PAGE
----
Keepin' it realtor

By MIKE MILIARD  |  August 1, 2007

Through an open bay window
Lex Lianos is another guy who’s traded the stage for the winding-brick walkway. You might remember him as the drummer for early ’90s Boston alt-rockers the Cliffs of Dooneen, who scored a minor MTV hit with “Through an Open Window.”

Nowadays, Lianos talks up the merits of bay windows and bow windows, double-hung and casements. The real-estate bug first bit years ago. Following in his father’s footsteps, Lianos had gotten his real-estate license in New Hampshire in an off year between high school and college. Later, between his junior and senior years at BU, he saw an opportunity.

“I was trying to get into the music scene in Boston, and wanted to stay here for the summertime to play,” he recalls. “I didn’t have a job. But one of the guys who was in the band managed a small rental office in Allston. So it was very easy for me to get my license [in Massachusetts].”

Really easy. “Hairstylists have to do something like 100 hours of supervised study before they can get licensed,” adds Lianos incredulously. “As opposed to real-estate brokers, who deal with very large transactions — probably the largest transactions of their customers’ lives — [for whom] it’s basically 24 hours of course time. Which you can jam into a whole weekend if you want. It’s like 120 questions, a multiple-choice test. Pass/fail only, and you can take it as many times as you want.”

Lianos fondly remembers his first day on the job. “I rented [to] the first customer that I had. I spent about half an hour with him, drove him down the street, and drove back, and made $1000. I was like, ‘I love this job.’ ”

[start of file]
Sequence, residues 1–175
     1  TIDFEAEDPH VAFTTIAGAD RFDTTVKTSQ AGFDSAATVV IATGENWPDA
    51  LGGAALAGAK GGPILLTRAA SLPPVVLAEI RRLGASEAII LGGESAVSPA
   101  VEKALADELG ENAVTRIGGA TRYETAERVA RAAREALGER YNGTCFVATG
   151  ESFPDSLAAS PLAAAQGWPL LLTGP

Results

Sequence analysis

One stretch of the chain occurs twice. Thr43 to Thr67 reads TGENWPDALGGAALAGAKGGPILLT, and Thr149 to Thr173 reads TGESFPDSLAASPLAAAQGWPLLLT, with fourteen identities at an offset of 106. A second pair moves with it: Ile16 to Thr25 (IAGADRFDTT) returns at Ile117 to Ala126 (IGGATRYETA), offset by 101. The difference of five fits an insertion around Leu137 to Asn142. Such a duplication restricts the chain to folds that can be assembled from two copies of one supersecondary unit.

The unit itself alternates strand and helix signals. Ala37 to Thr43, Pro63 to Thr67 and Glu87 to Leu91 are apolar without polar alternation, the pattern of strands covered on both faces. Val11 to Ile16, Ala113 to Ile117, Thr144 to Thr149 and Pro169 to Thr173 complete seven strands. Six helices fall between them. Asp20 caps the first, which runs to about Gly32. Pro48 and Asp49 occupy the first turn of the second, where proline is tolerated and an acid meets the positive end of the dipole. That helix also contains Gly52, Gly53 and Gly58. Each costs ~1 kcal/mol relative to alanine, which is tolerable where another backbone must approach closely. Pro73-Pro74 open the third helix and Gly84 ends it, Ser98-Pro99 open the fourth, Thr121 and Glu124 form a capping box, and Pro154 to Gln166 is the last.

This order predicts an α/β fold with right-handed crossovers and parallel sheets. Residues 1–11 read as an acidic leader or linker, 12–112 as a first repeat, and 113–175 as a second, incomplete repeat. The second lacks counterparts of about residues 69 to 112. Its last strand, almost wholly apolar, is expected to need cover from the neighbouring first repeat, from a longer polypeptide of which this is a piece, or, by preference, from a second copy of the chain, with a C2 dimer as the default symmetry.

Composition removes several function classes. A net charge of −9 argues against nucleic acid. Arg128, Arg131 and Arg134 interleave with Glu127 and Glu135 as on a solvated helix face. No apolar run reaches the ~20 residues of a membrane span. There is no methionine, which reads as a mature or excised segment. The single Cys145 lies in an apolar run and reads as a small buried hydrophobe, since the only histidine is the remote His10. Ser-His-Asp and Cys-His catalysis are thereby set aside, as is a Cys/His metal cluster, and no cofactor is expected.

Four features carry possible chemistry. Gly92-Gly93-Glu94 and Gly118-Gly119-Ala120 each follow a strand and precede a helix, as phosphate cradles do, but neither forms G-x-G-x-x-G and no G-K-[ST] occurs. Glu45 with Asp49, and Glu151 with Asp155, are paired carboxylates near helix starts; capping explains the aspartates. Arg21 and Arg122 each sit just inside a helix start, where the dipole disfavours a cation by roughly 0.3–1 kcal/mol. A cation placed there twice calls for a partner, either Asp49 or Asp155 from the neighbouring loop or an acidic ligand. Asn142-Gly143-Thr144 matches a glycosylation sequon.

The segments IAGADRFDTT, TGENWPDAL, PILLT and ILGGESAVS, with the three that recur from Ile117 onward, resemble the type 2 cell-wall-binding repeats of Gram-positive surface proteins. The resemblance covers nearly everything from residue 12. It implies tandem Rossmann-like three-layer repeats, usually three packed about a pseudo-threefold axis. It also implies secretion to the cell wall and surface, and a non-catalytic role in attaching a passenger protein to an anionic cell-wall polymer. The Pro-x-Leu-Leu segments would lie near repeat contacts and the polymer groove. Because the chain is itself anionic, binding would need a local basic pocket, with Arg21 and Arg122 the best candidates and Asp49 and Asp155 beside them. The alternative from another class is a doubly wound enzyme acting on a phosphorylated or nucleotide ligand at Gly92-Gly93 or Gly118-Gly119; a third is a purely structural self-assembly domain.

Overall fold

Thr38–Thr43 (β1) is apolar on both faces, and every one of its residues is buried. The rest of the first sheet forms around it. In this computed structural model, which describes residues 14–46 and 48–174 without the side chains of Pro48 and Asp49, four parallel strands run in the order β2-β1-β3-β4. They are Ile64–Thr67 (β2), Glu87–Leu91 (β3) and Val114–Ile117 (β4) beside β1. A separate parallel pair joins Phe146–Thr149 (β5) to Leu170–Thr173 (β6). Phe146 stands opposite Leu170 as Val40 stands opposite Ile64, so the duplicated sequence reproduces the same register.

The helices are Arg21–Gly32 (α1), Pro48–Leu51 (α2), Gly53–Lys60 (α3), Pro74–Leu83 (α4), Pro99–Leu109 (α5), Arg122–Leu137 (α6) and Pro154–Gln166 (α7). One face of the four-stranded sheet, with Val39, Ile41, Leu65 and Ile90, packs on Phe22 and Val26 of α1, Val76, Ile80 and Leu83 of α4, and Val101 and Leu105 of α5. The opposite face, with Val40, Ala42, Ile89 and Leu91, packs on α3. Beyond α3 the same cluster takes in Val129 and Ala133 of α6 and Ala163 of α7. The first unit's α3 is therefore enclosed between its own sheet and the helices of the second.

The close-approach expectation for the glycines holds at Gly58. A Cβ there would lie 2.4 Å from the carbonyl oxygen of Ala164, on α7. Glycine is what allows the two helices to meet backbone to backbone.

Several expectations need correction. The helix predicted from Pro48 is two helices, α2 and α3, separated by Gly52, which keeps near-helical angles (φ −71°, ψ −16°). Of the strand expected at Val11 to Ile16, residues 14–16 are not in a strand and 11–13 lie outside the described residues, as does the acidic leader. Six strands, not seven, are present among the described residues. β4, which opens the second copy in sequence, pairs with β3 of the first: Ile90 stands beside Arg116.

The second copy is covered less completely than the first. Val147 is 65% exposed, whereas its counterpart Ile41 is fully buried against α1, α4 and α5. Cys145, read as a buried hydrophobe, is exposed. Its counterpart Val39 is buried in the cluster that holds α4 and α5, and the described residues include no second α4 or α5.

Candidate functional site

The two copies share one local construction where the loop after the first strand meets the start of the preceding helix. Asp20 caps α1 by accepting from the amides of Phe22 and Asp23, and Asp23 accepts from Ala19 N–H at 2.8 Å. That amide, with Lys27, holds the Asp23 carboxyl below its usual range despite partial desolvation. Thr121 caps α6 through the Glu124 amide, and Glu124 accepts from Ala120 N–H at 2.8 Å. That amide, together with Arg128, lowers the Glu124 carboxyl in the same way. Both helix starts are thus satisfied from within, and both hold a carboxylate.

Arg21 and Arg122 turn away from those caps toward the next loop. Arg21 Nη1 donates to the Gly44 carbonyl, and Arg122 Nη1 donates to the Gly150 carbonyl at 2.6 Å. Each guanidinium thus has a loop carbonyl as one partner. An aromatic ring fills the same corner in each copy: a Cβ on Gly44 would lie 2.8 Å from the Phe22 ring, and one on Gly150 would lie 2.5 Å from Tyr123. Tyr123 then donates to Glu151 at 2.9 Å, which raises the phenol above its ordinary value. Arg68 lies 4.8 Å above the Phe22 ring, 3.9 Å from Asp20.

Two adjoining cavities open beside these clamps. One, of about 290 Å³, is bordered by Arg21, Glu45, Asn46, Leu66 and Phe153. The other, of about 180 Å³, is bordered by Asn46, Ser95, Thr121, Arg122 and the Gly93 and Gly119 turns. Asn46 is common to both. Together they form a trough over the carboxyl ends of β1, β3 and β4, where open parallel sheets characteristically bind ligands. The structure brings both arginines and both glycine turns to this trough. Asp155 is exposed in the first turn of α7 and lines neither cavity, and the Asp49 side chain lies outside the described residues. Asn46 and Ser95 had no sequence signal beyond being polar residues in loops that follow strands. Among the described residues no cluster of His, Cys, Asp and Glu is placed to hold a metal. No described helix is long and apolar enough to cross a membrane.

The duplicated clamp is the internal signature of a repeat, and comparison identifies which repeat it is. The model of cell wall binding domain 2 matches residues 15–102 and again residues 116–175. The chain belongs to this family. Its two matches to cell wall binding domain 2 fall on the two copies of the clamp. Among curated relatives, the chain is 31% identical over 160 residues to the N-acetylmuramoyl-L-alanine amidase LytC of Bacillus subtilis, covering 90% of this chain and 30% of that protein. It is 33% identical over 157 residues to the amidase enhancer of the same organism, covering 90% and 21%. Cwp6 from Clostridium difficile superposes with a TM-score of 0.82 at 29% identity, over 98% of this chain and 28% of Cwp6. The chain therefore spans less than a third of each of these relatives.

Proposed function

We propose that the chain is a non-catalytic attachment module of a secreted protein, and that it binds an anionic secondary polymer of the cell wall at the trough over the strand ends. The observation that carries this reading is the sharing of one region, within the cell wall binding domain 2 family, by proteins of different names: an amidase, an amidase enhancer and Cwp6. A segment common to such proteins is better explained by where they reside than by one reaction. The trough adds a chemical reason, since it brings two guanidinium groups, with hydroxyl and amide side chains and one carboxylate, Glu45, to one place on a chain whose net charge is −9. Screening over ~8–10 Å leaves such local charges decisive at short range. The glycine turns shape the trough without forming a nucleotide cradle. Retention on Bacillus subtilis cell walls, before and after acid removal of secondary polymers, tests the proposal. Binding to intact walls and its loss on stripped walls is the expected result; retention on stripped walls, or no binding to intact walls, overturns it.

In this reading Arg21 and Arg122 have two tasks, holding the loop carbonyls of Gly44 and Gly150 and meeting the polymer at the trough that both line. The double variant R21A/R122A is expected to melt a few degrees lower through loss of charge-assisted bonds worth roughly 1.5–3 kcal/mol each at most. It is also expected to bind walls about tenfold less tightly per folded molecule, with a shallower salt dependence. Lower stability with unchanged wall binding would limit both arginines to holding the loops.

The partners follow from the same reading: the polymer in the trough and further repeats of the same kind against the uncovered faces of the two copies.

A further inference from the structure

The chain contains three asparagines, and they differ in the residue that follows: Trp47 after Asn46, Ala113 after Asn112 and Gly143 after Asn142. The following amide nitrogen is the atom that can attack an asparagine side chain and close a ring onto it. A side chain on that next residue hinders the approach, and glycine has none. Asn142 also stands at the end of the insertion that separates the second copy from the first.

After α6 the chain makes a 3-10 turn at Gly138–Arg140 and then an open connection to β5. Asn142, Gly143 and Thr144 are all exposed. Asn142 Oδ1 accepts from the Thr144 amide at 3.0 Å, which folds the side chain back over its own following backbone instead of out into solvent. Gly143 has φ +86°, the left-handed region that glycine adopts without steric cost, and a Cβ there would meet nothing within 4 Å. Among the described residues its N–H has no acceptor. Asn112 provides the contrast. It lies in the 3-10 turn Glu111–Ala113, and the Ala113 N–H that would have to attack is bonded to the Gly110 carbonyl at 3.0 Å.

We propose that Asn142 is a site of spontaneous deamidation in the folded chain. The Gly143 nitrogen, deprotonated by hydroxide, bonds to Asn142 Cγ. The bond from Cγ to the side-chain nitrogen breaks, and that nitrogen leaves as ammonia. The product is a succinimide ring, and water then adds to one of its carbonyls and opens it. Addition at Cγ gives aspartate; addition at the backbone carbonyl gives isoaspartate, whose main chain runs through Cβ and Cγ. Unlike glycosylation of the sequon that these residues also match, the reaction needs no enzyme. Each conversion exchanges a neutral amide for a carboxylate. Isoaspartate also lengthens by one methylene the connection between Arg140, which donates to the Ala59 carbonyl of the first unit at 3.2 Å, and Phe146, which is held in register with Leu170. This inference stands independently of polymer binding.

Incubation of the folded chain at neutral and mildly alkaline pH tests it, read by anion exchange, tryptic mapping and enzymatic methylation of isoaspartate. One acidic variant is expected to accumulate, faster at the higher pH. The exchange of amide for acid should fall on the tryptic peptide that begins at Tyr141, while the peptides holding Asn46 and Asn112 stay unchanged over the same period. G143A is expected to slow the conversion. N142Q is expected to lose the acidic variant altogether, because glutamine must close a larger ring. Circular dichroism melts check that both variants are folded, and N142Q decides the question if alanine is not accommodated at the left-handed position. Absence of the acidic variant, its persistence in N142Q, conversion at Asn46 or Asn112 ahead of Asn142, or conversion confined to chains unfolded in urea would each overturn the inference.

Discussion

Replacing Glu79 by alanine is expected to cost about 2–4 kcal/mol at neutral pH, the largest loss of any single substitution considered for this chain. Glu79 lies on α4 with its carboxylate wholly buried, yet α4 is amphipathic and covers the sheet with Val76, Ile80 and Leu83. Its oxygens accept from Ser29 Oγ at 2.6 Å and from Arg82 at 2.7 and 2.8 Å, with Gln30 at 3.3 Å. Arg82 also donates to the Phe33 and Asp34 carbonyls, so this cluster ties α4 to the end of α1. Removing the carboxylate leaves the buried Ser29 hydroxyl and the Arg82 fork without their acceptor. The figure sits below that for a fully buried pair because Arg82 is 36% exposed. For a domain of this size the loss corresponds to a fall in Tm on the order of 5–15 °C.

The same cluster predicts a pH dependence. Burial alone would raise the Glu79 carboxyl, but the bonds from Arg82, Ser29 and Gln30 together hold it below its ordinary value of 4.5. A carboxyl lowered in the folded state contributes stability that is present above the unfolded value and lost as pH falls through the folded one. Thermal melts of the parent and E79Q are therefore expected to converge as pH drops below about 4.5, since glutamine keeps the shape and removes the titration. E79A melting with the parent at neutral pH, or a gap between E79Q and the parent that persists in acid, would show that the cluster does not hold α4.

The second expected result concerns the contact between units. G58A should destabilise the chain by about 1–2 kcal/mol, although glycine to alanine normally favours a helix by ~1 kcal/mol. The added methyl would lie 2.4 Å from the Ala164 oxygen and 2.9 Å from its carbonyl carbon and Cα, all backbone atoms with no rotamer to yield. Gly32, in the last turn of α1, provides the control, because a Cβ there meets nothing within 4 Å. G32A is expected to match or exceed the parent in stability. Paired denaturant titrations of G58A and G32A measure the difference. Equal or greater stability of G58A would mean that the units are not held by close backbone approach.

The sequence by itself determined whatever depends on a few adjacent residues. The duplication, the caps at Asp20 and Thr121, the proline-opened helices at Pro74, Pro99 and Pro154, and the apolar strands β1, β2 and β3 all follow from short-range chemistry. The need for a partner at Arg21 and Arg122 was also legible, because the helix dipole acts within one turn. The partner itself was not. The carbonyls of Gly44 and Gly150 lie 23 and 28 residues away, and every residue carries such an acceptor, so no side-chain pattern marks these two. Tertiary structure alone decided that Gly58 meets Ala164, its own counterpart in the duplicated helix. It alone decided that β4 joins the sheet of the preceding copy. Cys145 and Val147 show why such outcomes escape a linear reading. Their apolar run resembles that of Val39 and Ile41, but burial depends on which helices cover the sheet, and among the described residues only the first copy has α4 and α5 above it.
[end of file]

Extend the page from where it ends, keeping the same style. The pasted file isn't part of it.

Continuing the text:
Through his other gig, he’d go on to taste a bit of fame, first with the Cliffs of Dooneen. Later he played in soccer dude Alexi Lalas’s vanity band. He even opened for Hootie and the Blowfish. But fame was fleeting. Real estate, as they say, is forever.

He still plays music, but now Lianos is a principal at MetroRealty Corp in Cambridge. “With the ebb and flow of my music career,” he says, “it was a very easy thing to come back to. You don’t lose seniority.” He also notes another appealing aspect of the job: you get paid in direct proportion to how good you are — and how hard you’re willing to work.

“I think this is why musicians gravitate toward it. You can do it by the book and by what people ask you to look at, but to go above and beyond and . . . to really excel at it . . . you have to be . . . not on stage, but you have to put on a front.”

Sell houses, not out
Amy Fairchild is a folk singer. Folk singers — unless they go by the name Joan Baez — don’t typically rake in beaucoup bucks. So it was that Fairchild found herself looking for some part-time work. Upon seeing a listing for a realtor position, even though she’d “never considered real estate at all,” she answered an ad. It kind of clicked. She’s now an agent with Paragon Properties.

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